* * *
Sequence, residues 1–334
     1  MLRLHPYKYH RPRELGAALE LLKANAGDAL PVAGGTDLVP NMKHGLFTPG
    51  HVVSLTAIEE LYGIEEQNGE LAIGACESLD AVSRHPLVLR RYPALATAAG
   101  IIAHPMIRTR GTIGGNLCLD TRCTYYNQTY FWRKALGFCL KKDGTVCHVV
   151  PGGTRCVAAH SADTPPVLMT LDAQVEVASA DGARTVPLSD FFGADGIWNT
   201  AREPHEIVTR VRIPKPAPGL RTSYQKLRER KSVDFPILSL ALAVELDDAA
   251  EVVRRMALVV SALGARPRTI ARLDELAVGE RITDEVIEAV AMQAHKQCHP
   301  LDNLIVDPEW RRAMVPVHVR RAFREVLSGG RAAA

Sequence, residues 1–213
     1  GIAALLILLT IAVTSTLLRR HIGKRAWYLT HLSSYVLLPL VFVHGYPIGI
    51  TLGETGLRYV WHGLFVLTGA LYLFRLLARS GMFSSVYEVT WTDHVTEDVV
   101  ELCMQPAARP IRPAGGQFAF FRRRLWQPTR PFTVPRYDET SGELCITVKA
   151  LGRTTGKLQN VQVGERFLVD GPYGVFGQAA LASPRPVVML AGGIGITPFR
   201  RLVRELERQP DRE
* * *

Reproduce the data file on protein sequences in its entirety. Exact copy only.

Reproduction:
Sequence, residues 1–334
     1  MLRLHPYKYH RPRELGAALE LLKANAGDAL PVAGGTDLVP NMKHGLFTPG
    51  HVVSLTAIEE LYGIEEQNGE LAIGACESLD AVSRHPLVLR RYPALATAAG
   101  IIAHPMIRTR GTIGGNLCLD TRCTYYNQTY FWRKALGFCL KKDGTVCHVV
   151  PGGTRCVAAH SADTPPVLMT LDAQVEVASA DGARTVPLSD FFGADGIWNT
   201  AREPHEIVTR VRIPKPAPGL RTSYQKLRER KSVDFPILSL ALAVELDDAA
   251  EVVRRMALVV SALGARPRTI ARLDELAVGE RITDEVIEAV AMQAHKQCHP
   301  LDNLIVDPEW RRAMVPVHVR RAFREVLSGG RAAA

Sequence, residues 1–213
     1  GIAALLILLT IAVTSTLLRR HIGKRAWYLT HLSSYVLLPL VFVHGYPIGI
    51  TLGETGLRYV WHGLFVLTGA LYLFRLLARS GMFSSVYEVT WTDHVTEDVV
   101  ELCMQPAARP IRPAGGQFAF FRRRLWQPTR PFTVPRYDET SGELCITVKA
   151  LGRTTGKLQN VQVGERFLVD GPYGVFGQAA LASPRPVVML AGGIGITPFR
   201  RLVRELERQP DRE